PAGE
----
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Growing Insights from the Experts

How to Use Canola Yield Traits to Make Decisions

February 13, 2017

CanolaToMakeDecisions.jpgCanola trials provide the most relevant information used by growers to make purchase decisions. Although other data does matters, yield is typically the primary statistic used by growers to make purchase decisions. In the U.S., land-grant universities typically partner with seed producers to conduct field trials that provide regional information to growers regarding the performance of the varieties. Canola Growers in Canada tend to use a combination of private and public growers to conduct trials.

 

As a grower you have to define what constitutes a good variety for you. For most growers the goal is to optimize profits, which usually means optimizing yield. The second key is to identify canola varieties that grow well in your region and to determine whether to plant winter or summer canola. Canola planting should always be done in rotation with other crops to prevent soil-borne pathogen from flourishing.

The Canola Performance Trials (CPT) are produced annually by collaborative efforts of several canola interest groups. To determine the best performers in the region, the cultivars are evaluated for height, maturity date, lodging and yield. The seeds are sent to growers and universities by the seed companies. They are planted in research plots, grown, harvested and analyzed.

 

Understanding Important Statistics

There are two important statistics that growers want to understand: the coefficient of variance (CV) and the least significant difference (LSD). The CV tells you how reliable the statistical information is, often comparing results between locations. For example, based on the CPT, a CV of 0%-15% is acceptable in canola because of known variability within the species. whereas a CV of 0%-5% is acceptable in soybeans. The key is to remember that an appropriate CV will vary from crop to crop.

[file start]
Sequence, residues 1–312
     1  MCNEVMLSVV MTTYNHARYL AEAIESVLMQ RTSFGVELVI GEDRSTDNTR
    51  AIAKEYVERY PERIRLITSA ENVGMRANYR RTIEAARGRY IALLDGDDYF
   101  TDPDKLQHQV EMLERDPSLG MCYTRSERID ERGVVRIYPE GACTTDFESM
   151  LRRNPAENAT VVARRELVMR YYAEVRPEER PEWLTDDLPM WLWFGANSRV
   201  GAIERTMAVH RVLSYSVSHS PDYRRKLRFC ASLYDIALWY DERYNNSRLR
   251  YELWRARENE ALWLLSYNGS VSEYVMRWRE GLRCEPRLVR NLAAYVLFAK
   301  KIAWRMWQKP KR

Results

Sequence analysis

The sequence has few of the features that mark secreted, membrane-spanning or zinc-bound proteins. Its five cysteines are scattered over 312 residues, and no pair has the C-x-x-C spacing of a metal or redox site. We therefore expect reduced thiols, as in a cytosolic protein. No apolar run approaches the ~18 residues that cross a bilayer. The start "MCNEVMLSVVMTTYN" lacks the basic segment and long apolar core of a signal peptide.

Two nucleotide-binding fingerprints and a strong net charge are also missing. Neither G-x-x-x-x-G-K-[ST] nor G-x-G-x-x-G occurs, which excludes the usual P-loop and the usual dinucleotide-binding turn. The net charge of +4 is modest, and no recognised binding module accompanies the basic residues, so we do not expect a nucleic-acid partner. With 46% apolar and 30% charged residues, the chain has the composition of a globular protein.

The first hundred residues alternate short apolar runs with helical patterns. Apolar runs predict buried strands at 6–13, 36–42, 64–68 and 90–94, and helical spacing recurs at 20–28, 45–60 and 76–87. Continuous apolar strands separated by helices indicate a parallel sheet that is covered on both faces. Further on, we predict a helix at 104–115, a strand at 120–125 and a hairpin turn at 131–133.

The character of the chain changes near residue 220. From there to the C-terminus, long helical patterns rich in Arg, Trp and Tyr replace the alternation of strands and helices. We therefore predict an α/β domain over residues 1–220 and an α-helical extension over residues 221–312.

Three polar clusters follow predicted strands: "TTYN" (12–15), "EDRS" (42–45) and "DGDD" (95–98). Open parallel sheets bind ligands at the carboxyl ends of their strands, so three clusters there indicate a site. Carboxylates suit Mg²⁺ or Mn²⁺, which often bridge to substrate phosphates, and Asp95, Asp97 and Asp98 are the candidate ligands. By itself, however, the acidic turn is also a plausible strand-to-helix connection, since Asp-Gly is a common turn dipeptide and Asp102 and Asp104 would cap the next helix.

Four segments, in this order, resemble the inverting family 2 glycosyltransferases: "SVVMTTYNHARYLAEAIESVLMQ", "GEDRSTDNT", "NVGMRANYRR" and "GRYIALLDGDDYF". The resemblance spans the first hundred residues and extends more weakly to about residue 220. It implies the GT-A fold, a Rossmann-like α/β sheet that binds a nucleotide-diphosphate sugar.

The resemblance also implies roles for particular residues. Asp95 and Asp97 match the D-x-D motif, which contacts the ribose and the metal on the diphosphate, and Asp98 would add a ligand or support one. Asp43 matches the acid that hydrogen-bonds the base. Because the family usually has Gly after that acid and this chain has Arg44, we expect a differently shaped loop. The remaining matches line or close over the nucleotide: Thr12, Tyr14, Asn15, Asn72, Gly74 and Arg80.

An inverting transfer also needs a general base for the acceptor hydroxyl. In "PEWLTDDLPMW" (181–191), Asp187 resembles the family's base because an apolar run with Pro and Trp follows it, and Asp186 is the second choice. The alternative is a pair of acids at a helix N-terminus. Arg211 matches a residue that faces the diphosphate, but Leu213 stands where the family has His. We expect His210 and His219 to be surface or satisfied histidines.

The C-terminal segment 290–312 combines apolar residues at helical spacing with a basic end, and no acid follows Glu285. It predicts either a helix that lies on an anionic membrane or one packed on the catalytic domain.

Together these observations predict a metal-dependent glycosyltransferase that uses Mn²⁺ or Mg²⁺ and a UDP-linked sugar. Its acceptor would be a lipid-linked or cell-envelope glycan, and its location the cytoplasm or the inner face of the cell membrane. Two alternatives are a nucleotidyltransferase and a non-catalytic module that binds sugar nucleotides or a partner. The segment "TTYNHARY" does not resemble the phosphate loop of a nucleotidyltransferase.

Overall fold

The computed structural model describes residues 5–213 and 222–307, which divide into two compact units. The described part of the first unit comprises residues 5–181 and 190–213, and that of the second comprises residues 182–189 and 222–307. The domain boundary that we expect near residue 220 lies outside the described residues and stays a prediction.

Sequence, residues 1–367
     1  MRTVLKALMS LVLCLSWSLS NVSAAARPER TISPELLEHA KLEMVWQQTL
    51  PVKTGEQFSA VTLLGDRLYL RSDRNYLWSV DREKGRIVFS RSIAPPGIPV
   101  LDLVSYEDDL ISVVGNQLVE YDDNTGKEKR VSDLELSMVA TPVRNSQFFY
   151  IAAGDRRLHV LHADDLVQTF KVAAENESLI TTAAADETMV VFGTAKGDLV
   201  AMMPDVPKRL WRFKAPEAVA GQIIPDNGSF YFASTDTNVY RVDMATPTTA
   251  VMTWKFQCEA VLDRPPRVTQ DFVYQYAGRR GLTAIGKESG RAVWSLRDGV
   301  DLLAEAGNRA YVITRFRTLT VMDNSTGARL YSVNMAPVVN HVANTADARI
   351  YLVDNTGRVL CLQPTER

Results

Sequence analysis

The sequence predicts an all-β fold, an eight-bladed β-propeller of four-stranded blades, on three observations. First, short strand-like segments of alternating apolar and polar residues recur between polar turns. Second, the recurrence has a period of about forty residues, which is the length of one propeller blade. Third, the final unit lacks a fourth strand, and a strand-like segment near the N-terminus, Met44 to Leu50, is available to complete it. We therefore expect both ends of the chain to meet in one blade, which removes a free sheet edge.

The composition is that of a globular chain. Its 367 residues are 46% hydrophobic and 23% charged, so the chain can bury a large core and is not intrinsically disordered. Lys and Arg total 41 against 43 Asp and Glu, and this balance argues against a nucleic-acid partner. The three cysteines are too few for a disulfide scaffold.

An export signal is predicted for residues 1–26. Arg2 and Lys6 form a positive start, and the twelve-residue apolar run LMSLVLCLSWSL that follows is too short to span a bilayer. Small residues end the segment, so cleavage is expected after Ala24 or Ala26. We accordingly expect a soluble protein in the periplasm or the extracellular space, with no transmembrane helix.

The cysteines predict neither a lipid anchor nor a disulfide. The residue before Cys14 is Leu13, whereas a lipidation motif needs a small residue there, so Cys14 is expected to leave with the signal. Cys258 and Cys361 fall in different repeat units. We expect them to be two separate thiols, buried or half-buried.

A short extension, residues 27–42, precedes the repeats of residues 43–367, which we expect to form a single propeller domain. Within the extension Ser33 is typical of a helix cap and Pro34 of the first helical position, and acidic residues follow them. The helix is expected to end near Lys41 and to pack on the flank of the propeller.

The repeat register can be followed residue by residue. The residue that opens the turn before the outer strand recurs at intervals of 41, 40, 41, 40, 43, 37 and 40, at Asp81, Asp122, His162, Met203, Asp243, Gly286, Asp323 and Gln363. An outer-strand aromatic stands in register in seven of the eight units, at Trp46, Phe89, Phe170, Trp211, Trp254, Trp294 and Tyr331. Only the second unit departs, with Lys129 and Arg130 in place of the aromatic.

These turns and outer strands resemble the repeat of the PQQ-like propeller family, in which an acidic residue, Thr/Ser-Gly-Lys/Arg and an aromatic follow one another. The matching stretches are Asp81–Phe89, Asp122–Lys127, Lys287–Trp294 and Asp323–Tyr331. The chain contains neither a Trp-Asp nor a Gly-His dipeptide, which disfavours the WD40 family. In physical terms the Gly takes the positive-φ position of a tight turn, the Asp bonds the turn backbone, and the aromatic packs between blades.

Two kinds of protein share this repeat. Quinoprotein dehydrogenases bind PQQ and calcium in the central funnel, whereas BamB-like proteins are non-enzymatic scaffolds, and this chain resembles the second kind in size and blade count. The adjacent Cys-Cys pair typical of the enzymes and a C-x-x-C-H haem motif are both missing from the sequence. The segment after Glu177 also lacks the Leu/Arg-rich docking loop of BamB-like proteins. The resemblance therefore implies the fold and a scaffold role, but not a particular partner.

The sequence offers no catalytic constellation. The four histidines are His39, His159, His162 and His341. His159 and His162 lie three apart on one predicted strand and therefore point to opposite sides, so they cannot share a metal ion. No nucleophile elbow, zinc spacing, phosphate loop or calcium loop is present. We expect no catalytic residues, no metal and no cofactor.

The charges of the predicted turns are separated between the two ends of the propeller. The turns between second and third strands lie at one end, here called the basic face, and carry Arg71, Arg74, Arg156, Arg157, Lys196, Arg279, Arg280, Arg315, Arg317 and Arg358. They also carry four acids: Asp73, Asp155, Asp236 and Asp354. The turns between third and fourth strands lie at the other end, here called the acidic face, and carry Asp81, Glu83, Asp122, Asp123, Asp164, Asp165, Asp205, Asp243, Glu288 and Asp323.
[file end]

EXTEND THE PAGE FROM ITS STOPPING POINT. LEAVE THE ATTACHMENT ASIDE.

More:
The LSD tells the growers if there is a measurable or significant difference between varieties. By looking at this number, growers can assess whether a variety they are considering will likely produce a higher yield. Understanding both of these statistics will help growers select good choices for their region.

Canola yield is ultimately affected by many factors. Environmental factors such as rainfall, temperature, soil aeration and insect and pathogen pressure can influence yields. In addition, each of these factors can change from year to year. Having yield performance data from prior years will help you select the varieties that have the best chance of producing a high yield and the best profitability from your canola crop.

 

References

www.tynard.com

www.canolaperformancetrials.ca/performance-trials

www.canolacouncil.org/markets-stats/statistics/

www.uscanola.com/